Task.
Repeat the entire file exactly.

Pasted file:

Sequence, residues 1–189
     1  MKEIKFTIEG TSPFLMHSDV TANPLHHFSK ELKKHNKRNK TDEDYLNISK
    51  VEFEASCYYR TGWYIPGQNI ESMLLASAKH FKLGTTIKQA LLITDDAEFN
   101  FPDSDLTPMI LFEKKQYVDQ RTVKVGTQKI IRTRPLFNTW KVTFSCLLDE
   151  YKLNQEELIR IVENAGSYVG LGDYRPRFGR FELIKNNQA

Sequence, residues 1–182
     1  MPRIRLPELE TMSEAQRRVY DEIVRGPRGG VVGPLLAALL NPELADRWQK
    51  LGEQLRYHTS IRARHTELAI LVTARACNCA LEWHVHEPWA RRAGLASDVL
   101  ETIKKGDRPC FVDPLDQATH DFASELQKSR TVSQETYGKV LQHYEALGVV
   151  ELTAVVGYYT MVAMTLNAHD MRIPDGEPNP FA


Sequence, residues 1–189
     1  MKEIKFTIEG TSPFLMHSDV TANPLHHFSK ELKKHNKRNK TDEDYLNISK
    51  VEFEASCYYR TGWYIPGQNI ESMLLASAKH FKLGTTIKQA LLITDDAEFN
   101  FPDSDLTPMI LFEKKQYVDQ RTVKVGTQKI IRTRPLFNTW KVTFSCLLDE
   151  YKLNQEELIR IVENAGSYVG LGDYRPRFGR FELIKNNQA

Sequence, residues 1–182
     1  MPRIRLPELE TMSEAQRRVY DEIVRGPRGG VVGPLLAALL NPELADRWQK
    51  LGEQLRYHTS IRARHTELAI LVTARACNCA LEWHVHEPWA RRAGLASDVL
   101  ETIKKGDRPC FVDPLDQATH DFASELQKSR TVSQETYGKV LQHYEALGVV
   151  ELTAVVGYYT MVAMTLNAHD MRIPDGEPNP FA